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Sci Adv. 2018 Aug 1;4(8):eaat0843. doi: 10.1126/sciadv.aat0843. eCollection 2018 Aug.

CMPK2 and BCL-G are associated with type 1 interferon-induced HIV restriction in humans.

Author information

1
Department of Medicine, Johns Hopkins University School of Medicine, Baltimore, MD 21205, USA.
2
Department of Molecular Biology and Genetics, Johns Hopkins University School of Medicine, Baltimore, MD 21205, USA.
3
Center for Computational Biology, Johns Hopkins University School of Medicine, Baltimore, MD 21205, USA.
4
Department of Oncology, Johns Hopkins University School of Medicine, Baltimore, MD 21287, USA.
5
Howard Hughes Medical Institute, Johns Hopkins University School of Medicine, Baltimore, MD 21205, USA.

Abstract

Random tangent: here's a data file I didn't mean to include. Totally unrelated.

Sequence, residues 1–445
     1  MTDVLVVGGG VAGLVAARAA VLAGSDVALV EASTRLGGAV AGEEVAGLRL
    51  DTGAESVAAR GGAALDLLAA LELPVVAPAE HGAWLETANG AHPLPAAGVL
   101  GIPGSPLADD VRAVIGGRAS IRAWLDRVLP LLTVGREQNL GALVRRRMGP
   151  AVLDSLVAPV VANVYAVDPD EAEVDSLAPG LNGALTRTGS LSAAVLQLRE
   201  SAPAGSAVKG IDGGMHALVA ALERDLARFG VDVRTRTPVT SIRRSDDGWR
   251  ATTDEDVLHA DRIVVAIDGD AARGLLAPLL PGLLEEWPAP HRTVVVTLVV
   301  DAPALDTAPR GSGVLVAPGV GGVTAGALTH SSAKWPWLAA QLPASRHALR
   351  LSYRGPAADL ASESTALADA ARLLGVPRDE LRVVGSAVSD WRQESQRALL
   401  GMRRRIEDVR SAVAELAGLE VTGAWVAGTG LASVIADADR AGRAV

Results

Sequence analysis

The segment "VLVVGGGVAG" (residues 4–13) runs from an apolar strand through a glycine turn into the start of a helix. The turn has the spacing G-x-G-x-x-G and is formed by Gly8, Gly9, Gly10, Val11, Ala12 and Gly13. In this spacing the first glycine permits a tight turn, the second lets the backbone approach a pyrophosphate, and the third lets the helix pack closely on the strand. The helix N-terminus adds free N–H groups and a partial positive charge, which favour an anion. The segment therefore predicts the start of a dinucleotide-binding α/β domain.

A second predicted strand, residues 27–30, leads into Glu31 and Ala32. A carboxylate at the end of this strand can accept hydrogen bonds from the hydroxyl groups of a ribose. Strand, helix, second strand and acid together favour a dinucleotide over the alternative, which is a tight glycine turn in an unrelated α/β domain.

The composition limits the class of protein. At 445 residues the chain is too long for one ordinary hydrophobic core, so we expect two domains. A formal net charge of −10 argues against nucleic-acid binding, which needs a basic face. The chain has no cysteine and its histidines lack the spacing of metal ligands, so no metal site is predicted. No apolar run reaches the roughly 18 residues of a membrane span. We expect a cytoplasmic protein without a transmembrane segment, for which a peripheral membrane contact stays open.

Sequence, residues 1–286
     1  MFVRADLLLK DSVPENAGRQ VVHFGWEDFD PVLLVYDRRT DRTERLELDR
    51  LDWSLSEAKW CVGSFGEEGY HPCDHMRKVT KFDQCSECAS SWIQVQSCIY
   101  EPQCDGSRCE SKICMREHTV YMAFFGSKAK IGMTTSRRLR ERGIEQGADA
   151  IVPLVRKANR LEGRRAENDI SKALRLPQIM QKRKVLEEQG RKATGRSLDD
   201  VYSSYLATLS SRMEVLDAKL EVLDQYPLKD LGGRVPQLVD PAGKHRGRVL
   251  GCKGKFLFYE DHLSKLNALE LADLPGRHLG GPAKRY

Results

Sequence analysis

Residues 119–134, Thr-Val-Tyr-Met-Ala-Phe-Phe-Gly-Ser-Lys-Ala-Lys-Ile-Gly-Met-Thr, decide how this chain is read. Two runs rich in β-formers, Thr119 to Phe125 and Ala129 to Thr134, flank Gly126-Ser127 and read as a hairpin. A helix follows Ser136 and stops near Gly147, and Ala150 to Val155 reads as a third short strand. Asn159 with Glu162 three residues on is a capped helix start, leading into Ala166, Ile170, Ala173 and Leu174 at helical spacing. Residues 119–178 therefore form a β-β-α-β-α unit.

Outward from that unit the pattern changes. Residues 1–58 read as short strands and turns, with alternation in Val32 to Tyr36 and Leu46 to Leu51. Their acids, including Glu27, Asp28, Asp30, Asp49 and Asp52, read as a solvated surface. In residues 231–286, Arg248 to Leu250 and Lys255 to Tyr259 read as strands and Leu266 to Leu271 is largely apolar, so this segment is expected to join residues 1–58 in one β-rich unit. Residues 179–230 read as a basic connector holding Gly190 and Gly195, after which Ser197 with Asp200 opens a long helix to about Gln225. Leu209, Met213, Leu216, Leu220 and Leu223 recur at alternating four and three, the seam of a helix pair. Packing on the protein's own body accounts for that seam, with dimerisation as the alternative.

Type 1 interferons (IFN) are critical for host control of HIV and simian immunodeficiency virus. However, it is unknown which of the hundreds of interferon-stimulated genes (ISGs) restrict HIV in vivo. We sequenced RNA from cells that support HIV replication (activated CD4+ T cells) in 19 HIV-infected people before and after interferon-α2b (IFN-α2b) injection. IFN-α2b administration reduced plasma HIV RNA and induced mRNA expression in activated CD4+ T cells: The IFN-α2b-induced change of each mRNA was compared to the change in plasma HIV RNA. Of 99 ISGs, 13 were associated in magnitude with plasma HIV RNA decline. In addition to well-known restriction factors among the 13 ISGs, two novel genes, CMPK2 and BCL-G, were identified and confirmed for their ability to restrict HIV in vitro: The effect of IFN on HIV restriction in culture was attenuated with RNA interference to CMPK2, and overexpression of BCL-G diminished HIV replication. These studies reveal novel antiviral molecules that are linked with IFN-mediated restriction of HIV in humans.

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